Overwhelmed with going digital? It’s hard to take the lead in Customer Success and drive digital transformation. This article outlines everything you need to build a program that’s right for your team.
What is a Digital Customer Success Program?
There’s a lot of confusion about what Digital means when describing a Customer Success Program.
Depending on your Customer base, product, and the maturity of your program, digital can mean a lot of things. Let’s first define and clarify.
Digital vs Scaled
Often Digital and Scaled are used interchangeably. But technically, you can scale a Customer Success Program that is not digital by building repeatable manual processes and have a growing team of humans deliver the customer journey. You may notice however, that as your team grows, the processes start to break down without using digital tools. So, it’s understandable that Digital and Scaled are sometimes used for one another.
Digital vs Tech Touch
Tech Touch delivery of a Customer Journey refers to a digitally delivered Customer Success Program to either all or part of a customer base. Not all products and customer bases have the economics to support a High Touch, human delivered Customer Success Program. The economics of delivering a Customer Journey to Small and Midsize Business (SMB) accounts often determines reduced services or Digitally delivered services. Whereas, Enterprise accounts often have complex solutions, more champions, and more complex decision-making processes which more often require High Touch complex team delivery of the Customer Journey.
Product Led Growth (PLG) companies, like Slack, deliver Customer Journeys via Tech Touch for their free accounts. If you set up a free Slack channel, you did not speak to anyone, you went through all of your onboarding steps online on your own. Tech Touch delivered Customer Journeys are done without human intervention.
Typically, Tech Touch may have a Digital CSM who manages the Digital Customer Journey, but the Customer would only potentially connect with a human in the Support team. Tech Touch may also reflect the Customer’s preferences on how to participate in the Customer Journey.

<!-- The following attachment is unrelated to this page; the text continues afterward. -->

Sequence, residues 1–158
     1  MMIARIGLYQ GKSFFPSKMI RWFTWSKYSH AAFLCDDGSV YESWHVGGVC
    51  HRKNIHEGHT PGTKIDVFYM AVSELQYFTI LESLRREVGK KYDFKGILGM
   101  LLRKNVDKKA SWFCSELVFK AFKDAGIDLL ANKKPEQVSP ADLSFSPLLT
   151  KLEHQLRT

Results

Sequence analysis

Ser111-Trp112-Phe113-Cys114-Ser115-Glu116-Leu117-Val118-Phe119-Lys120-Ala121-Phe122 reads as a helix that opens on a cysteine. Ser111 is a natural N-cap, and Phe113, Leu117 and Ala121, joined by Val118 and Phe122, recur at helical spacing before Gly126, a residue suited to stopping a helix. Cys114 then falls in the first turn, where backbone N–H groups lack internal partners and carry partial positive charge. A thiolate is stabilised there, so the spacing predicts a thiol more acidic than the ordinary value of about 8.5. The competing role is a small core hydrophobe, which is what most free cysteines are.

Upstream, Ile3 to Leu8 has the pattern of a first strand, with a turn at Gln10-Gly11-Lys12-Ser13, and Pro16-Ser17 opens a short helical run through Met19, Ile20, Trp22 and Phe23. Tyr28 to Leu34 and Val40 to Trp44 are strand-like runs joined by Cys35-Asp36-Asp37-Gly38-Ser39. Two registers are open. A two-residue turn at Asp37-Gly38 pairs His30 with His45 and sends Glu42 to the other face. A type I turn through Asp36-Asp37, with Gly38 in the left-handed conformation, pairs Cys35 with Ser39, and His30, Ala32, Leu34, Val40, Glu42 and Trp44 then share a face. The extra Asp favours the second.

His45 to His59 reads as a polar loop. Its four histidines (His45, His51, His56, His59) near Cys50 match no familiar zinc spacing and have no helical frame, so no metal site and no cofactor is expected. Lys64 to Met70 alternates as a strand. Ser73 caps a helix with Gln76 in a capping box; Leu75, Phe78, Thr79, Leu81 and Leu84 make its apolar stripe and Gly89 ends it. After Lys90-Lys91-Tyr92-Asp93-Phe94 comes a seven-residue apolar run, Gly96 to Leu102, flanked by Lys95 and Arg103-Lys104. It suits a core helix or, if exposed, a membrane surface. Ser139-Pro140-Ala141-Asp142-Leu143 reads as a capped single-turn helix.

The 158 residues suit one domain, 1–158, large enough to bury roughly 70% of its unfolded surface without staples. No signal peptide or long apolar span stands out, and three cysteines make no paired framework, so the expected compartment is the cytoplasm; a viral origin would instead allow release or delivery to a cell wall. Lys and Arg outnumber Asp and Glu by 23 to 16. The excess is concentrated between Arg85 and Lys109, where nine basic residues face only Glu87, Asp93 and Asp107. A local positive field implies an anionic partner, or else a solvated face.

Digital Customer Success Program
A Digital Customer Success Program can take many forms. It depends on your customer base, product, the maturity of your CS Program, and the economics of how you go to market. Now that there are so many digital tools available in the market place, every type of delivery – High Touch to Tech Touch—can improve their capabilities, efficiency, and effectiveness by utilizing these tools. It’s a mistake to think that a Digital Customer Success Program only applies to the Tech Touch delivery of the Customer Journey.
But the real reason every Customer Success Program must become Digital is that data must be at the core of everything you do.
Data enables you to show impact and value to your customers to communicate the value they are achieving from your product. Without perceived value, your relationship alone cannot prevent them from moving on.
Data helps you understand how successful Customers are using your product, and enables you to identify if a Customer is successful or unhealthy and at risk.
Data also helps you understand the impact of your CS Program, where to focus your efforts, and if you are effectively delivering the Customer Journeys your Customers need.
Without data, you don’t know why, or if, your Customers are successful as they define it. If you don’t know if your Customers are achieving the success they intended with your product, you may be surprised when they churn. The foundation of a modern Customer Success Program includes data that is stored, tracked, and analyzed in a comprehensive way.
Part 1: Foundation & Structure
Customer Base Segmentation
If delivering the proper Customer Journey is key to enabling their success, correctly identifying your Customer Base Segmentation is the first step to building those Customer Journeys. Companies often mistakenly segment their customer base based on solely on their economics and use only ARR to determine their Customer Segmentation. ARR may inform how you can afford to delivery the Customer Journey, but Segmentation should also inform how to group customers by the Customer Journey that they need to ensure their success using your product.
To determine your Customer Base Segmentation, you need to understand your Customers’ goals and how your Customers use your product. It could be that different industries use your product differently, or the size and structure of a company could determine what they need from your product, or your Customers’ experience level with technology may determine their goals and ability to adopt your product. Or it could be something else entirely—it depends on your Customer Base and your Product.